Skin Ulcers and Depigmentation (Immune-Related) in Dogs

Cutaneous Lupus Erythematosus is a complex autoimmune skin disease of dogs, characterized by depigmentation, erythema, scaling, erosions, ulcerations and crusting, particularly on and spreading up the bridge of the nose, and sometimes the face and lips. In this condition, the body creates antibodies against itself.

Two versions of this disorder are seen in dogs, including systemic lupus erythematosus (SLE) and discoid (or cutaneous) lupus erythematosus (DLE). Although DLE is more common than SLE, it is thought to be a milder version of SLE. DLE specifically affects skin while SLE can affect any organ of the body.

The disease affects all dogs of all ages but some breeds are more prone to this condition like Collies, German shepherds, Siberian huskies, Shetland sheepdogs, Alaskan malamutes, chow chows, and their crosses.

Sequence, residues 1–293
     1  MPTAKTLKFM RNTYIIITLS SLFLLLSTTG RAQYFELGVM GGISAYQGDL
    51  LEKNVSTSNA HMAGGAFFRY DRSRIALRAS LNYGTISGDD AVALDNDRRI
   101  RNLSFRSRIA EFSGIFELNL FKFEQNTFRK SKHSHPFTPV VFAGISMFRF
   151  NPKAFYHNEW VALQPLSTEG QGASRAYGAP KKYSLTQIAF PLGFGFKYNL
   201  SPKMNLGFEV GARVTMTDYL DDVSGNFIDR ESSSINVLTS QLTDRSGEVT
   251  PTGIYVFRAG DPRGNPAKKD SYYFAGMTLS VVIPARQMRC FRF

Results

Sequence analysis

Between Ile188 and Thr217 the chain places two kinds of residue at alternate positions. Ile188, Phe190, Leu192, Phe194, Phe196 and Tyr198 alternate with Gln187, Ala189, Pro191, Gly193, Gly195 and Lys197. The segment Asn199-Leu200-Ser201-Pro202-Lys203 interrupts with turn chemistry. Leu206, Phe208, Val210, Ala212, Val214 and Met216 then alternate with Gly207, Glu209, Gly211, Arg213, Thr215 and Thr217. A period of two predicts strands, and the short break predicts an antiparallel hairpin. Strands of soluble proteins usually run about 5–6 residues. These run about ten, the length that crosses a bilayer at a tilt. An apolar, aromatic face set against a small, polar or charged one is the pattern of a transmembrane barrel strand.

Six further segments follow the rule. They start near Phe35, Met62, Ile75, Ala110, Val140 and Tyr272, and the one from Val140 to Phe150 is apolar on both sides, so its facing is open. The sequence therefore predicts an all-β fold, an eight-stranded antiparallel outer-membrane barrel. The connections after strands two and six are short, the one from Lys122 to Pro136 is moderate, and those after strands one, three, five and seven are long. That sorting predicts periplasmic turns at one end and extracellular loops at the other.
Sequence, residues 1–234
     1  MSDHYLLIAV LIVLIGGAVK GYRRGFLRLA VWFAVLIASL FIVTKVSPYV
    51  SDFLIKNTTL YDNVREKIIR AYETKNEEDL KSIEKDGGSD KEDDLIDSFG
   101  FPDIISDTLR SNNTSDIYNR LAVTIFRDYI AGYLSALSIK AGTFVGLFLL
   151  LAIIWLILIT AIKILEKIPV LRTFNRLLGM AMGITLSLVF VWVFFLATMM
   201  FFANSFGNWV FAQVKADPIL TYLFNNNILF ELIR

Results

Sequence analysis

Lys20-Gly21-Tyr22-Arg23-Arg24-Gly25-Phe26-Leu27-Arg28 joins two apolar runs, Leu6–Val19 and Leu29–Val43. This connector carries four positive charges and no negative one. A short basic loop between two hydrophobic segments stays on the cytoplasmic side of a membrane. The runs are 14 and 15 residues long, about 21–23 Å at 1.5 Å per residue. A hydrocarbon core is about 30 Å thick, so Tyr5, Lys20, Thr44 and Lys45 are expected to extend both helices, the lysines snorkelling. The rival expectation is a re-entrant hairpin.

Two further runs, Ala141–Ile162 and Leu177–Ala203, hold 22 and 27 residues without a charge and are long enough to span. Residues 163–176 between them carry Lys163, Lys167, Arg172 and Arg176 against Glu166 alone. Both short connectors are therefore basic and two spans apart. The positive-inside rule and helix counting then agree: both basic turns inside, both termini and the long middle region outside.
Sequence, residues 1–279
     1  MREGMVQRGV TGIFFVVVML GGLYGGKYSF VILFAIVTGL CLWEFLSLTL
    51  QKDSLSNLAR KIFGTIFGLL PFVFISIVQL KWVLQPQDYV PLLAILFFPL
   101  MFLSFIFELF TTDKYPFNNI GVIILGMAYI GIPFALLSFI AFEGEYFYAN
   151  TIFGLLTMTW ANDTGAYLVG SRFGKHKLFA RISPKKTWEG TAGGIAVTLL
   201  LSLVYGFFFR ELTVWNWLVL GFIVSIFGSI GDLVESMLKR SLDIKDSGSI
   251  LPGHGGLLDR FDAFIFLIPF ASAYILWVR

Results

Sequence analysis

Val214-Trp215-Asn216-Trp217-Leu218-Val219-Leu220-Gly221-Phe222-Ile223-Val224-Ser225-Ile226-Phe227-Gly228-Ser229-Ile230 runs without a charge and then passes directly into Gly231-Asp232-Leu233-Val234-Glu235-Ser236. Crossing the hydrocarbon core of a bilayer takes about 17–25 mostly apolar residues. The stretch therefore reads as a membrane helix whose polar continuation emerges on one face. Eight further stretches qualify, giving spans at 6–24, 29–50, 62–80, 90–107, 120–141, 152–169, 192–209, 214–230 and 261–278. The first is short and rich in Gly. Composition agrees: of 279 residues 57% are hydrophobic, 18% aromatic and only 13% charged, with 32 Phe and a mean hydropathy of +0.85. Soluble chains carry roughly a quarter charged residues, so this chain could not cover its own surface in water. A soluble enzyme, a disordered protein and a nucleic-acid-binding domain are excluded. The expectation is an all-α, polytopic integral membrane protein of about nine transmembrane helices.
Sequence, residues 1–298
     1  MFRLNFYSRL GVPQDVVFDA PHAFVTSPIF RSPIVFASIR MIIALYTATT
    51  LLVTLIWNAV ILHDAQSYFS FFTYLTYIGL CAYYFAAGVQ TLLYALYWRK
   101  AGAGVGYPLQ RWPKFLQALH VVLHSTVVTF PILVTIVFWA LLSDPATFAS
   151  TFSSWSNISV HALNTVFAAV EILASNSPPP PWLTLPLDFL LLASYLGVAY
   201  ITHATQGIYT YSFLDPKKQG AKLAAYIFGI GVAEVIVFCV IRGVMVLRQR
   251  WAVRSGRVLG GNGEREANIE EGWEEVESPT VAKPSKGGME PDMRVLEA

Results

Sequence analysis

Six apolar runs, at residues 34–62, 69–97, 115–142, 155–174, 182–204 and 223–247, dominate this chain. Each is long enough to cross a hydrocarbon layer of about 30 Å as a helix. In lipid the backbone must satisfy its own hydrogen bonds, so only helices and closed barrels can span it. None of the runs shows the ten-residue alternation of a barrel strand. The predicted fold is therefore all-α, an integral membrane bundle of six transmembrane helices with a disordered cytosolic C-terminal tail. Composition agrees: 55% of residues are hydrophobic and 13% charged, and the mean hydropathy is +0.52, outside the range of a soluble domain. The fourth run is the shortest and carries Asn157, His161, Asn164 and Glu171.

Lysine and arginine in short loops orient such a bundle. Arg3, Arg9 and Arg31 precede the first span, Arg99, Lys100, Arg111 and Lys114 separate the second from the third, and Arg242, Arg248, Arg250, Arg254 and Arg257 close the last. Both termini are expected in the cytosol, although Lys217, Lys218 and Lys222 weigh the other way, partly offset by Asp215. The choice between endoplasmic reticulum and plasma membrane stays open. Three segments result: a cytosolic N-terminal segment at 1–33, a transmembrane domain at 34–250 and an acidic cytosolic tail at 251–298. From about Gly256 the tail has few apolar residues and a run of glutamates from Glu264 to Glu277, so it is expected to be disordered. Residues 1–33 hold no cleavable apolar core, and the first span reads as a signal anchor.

Depending on where the immune system is attacking the body, symptoms may appear and disappear and vary in intensity. Some of the more common symptoms in DLE condition are

Skin depigmentation (loss of pigment) on the lip and tip of the nose

Formation of erosions and ulcers (following depigmentation)

Loss of tissue and scar formation to fill in the lost tissue

Chronic, fragile lesions (may bleed spontaneously)

Lesions associated with this disease may also involve the outer ear area and more rarely, the feet and genitalia.


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